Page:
Arizona’s News Roundup examines Biden’s new border plan, recaps state inauguration

Jan 6, 2023, 7:00 PM

(AP Photo/Patrick Semansky)...

(AP Photo/Patrick Semansky)

(AP Photo/Patrick Semansky)

PHOENIX — President Joe Biden this week unveiled a new plan to address the challenges of asylum seekers at the U.S.-Mexico border. He also announced plans to visit the border for the first time since he took office.

Biden’s plan is based on three pillars: imposing new consequences for those who enter unlawfully, expanding legal pathways to citizenship and increasing border resources.

The key focus narrows in on the countries where migrant crossings and asylum claims have skyrocketed.

“If you’re trying to leave Cuba, Nicaragua or Haiti, or have agreed to begin a journey to America, do not, do not just show up at the border,” explained Biden. “Stay where you are and apply legally from there.”

The U.S. will now accept 30,000 people a month from those countries Biden mentioned, along with Venezuelans for a two-year stay, as long as they come legally and ask for asylum from outside the U.S. There are also additional requirements.

The Biden administration also unveiled an app that can be utilized by migrants looking to schedule appointments or claim asylum from afar. That app is called CBP One.

Opposition to the president’s plan has come from both sides of the aisle and from members of Border Patrol.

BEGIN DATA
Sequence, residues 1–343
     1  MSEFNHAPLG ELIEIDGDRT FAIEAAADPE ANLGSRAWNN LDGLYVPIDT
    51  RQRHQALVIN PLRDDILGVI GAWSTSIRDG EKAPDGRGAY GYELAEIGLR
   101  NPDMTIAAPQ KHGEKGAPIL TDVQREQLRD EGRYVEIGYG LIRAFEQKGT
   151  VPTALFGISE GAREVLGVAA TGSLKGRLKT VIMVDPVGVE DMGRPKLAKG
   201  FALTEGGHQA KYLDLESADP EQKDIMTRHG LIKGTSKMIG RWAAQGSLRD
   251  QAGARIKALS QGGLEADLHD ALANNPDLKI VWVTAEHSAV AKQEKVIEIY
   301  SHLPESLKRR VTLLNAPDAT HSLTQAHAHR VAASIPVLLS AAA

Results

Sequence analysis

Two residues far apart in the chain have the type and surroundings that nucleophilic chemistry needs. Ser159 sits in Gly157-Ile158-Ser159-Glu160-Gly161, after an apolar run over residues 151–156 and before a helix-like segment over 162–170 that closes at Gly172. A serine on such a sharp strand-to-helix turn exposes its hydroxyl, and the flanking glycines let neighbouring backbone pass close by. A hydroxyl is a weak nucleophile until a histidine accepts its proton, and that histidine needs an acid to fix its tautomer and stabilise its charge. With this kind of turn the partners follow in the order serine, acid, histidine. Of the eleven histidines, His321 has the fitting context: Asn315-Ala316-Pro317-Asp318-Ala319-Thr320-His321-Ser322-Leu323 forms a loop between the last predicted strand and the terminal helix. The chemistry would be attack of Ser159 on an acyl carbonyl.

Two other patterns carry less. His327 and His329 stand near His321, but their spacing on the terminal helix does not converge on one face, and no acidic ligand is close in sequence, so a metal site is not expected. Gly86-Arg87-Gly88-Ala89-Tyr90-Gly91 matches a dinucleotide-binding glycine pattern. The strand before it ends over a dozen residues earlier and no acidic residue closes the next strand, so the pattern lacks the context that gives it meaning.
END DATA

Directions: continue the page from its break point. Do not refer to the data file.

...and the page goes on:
Brandon Judd, president of the National Border Patrol Council, said he is not confident in this plan.

“Hire immigration judges on a not to-exceed basis… If you hire judges say on a three year not to exceed basis, we can get rid of that backlog,” Judd told KTAR News 92.3 FM’s Arizona’s Morning News on Friday.

Some immigration advocates and attorneys also have qualms with the plan. They believe a better solution would be to reinstate the asylum process at the border by getting rid of Title 42.

The big announcement from Biden came as he also announced his first trip to the southern border scheduled for Sunday in El Paso, Texas.

This week’s “Arizona’s News Roundup” podcast also recaps the inauguration of Democratic Gov. Katie Hobbs and other elected leaders.

Thursday’s inauguration was a formality after Monday’s swearing in. Joining Hobbs were Democratic Secretary of State Adrian Fontes, Arizona Attorney General Kris Mayes, along with Republicans Tom Horne for the office of Arizona Superintendent of Public Instruction and Treasurer Kimberly Yee.

During her first formal address as governor, Hobbs stressed she plans to work towards investing in public schools and affordable housing. She also made a promise “to hold Washington accountable for our broken immigration system and its devastating impact on families and communities.”

While recording this podcast, the federal government was still trying to select its next speaker of the House. At least 13 consecutive failed votes had occurred to select the new House leader. A majority — 218 votes — are needed to become speaker. Democrats are backing the former speaker Nancy Pelosi’s personal pick, Hakeem Jeffries.

Republican Kevin McCarthy has struggled to get full Republican support. Several names have been thrown in the pool, taking votes away from the top two candidates, Jeffries and McCarthy.